Indeed he did.
At the time, Datz was working in the Cleveland Indians minor-league organization. Manuel was the Indians manager in 2002 when he was looking to hire a bench coach, and he gave Datz the opportunity.
"I saw a guy who was mentally tough and was a leader," Manuel said. "He was the kind who came to the ballpark early and left late, and he was all for the team."
It turns out that Datz and Manuel didn't get the chance to work together long on the big-league level. Manuel was relieved of his duties just past the midway point of that 2002 season and was replaced by Joel Skinner.
After the 2002 season, Cleveland hired Eric Wedge as manager. Datz stayed seven more seasons as a coach at Cleveland with Wedge as a manager.
In 2010, Datz was hired as bench coach of the Baltimore Orioles.
When Wedge got the job as Seattle's manager before the 2011 season, Datz reunited with his former boss.
"Datzie is a consummate baseball guy," Wedge said.
Datz was an all-around athlete at Clearview, playing baseball, football - a linebacker and quarterback - and basketball.
He was a four-year baseball starter as a catcher at Glassboro State and a member of the 1979 Division III national championship team.
In 1982, Datz signed with the Houston Astros after being drafted in the 18th round. Datz spent seven years in the Astros' minor-league system.
In 1989, he spent most of the season with the Detroit Tigers triple-A Toledo team. That season, he earned a September call-up to the Tigers and appeared in seven games, getting two hits in 10 at-bats. That was his entire major-league resume.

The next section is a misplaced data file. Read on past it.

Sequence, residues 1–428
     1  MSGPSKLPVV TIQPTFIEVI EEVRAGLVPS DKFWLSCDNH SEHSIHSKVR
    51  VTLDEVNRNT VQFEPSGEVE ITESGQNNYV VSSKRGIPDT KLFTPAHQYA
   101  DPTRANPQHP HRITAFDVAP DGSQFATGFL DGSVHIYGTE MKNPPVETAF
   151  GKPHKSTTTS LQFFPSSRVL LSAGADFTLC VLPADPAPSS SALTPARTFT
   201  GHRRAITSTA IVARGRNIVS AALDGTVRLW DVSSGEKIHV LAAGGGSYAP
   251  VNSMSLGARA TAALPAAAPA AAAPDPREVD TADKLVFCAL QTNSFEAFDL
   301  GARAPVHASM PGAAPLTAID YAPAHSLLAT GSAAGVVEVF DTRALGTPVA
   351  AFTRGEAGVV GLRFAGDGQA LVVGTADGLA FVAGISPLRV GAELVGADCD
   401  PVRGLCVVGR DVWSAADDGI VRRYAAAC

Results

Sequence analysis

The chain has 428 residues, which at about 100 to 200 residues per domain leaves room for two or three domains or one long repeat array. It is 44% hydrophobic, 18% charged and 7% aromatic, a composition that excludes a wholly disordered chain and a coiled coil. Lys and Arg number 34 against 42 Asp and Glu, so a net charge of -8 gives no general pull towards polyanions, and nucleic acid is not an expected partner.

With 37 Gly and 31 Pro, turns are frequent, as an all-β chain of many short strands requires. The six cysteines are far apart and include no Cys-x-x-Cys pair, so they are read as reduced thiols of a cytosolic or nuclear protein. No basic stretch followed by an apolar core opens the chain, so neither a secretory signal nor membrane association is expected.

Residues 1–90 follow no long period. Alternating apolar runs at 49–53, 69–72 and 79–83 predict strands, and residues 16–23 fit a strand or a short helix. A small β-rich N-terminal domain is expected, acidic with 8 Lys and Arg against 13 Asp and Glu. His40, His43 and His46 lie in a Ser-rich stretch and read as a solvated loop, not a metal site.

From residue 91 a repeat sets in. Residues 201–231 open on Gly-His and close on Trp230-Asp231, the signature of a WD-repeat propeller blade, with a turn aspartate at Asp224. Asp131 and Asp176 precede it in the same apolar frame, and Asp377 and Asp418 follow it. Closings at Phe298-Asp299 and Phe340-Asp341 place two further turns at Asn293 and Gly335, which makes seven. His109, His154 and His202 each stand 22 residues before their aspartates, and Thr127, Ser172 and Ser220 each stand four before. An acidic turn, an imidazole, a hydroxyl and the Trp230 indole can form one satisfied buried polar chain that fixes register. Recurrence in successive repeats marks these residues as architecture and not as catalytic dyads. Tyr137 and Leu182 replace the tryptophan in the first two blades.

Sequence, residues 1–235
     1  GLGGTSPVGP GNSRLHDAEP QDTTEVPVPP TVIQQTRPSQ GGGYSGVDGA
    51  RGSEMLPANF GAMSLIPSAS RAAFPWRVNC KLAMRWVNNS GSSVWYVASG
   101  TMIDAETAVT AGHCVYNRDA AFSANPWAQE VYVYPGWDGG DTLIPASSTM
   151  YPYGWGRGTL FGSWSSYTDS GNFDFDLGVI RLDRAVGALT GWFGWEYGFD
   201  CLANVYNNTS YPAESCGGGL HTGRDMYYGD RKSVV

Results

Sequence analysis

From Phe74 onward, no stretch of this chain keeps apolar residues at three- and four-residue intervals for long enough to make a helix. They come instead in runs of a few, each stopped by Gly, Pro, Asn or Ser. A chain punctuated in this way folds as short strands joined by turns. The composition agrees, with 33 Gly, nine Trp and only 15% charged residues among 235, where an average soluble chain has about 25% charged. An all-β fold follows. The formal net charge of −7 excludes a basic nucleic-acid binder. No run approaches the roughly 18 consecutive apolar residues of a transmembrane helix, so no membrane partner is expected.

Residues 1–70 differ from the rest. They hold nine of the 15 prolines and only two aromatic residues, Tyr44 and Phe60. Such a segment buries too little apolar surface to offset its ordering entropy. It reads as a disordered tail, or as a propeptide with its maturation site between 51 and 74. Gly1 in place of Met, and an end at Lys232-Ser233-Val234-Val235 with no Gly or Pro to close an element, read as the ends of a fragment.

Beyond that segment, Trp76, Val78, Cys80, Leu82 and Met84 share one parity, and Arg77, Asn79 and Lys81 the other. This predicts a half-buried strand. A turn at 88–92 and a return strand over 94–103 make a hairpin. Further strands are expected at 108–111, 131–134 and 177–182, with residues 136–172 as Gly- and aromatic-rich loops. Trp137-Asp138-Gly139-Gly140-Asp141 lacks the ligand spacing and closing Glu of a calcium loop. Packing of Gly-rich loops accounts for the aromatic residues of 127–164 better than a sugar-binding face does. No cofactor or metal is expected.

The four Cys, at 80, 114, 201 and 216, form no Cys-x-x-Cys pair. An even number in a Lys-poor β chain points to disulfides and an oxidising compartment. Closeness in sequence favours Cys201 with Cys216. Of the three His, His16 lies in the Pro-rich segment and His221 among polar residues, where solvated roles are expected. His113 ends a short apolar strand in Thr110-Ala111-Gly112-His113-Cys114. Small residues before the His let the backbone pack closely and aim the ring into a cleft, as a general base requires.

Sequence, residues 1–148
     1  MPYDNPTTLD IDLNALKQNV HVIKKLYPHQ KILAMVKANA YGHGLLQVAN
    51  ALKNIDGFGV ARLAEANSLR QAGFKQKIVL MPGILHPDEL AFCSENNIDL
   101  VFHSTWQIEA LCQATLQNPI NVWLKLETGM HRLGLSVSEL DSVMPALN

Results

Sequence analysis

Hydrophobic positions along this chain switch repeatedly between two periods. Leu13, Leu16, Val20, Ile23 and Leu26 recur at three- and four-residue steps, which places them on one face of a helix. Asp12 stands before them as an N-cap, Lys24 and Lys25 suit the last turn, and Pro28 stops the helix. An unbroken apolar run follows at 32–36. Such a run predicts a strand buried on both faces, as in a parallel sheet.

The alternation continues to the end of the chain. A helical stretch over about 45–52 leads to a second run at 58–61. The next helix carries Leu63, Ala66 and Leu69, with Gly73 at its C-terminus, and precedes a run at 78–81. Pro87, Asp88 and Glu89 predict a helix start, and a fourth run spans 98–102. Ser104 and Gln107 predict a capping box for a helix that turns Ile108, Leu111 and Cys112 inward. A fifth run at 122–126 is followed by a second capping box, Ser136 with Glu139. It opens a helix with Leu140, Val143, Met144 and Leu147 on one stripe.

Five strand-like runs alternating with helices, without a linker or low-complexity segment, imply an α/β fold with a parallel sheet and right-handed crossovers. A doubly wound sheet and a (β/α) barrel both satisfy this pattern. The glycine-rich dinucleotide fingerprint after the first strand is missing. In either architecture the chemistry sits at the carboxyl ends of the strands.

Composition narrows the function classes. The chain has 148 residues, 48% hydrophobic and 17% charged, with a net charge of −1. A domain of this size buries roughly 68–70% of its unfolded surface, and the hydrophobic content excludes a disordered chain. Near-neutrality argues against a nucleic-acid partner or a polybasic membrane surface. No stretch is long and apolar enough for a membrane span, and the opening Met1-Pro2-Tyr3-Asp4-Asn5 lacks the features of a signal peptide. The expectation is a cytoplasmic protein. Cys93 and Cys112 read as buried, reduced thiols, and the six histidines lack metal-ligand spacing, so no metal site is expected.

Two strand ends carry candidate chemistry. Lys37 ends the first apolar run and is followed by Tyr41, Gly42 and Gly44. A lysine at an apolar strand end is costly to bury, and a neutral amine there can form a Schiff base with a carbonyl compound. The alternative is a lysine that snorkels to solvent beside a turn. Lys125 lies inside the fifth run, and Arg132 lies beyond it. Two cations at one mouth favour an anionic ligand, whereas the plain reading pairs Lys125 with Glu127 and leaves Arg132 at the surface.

"That was my only cup of coffee, but I was so grateful to get there and for the opportunity," Datz said.
As a catcher, Datz was known for his defense.
"He could catch and throw and was a fighter," Manuel said.
As a hitter?
"He wasn't very good at that," Manuel said.
Datz doesn't dispute that.
"Once I got to the minor leagues, that slider just ate me up," he said. "I couldn't spell h-i-t let alone hit the slider."
His final year as a minor- league player was 1990 with triple-A Columbus.
The next two years, Datz was an area scout in Northern California/Northern Nevada. Datz then served as a coach and then manager in the Indians minor-league system from 1993-99. In 2000 and 2001, he was the Indians minor-league field coordinator before being hired by Manuel.
He said managing in the minors really prepared him for his current job. Datz managed in the Cleveland system in Rookie League, single A, double A, and finally for triple-A Buffalo.
"Being a manager was a great experience because I knew how badly I wanted it and how hard you have to work for it, and that is what I tried to teach to the young players," Datz said. "One of the greatest feelings as a manager at triple A was calling guys in my office and telling them that they were going to the big-leagues."
Datz said his main goal is to reach the World Series. He came closest in 2007 with the Indians, who beat the New York Yankees in the ALDS and led Boston, three games to one, in the ALCS before the Red Sox stormed back to win the final three games, by a combined 30-5 score.
"We were one game from the World Series and didn't get it done," Datz said. "Everybody said you will be back, but you never know how many chances you will get in this game."
The 52-year-old Datz, who resides in Shingle Springs, Calif., with his wife, Stacy, said that he hopes to one day get the chance to manage in the majors, but he isn't overly consumed by the idea.
"A lot of people ask me, and if the opportunity comes to interview for a managing position, I would love to do that," he said. "I think any coach would love that opportunity down the road."
For now, he appreciates the chance he has had to spend his entire working life in baseball.
"I pinch myself and thank God each and every day," Datz said. "My wife and I are blessed to be in this great game and at the major-league level."
Contact Marc Narducci at 856,779-3225, email@example.com or @sjnard on Twitter.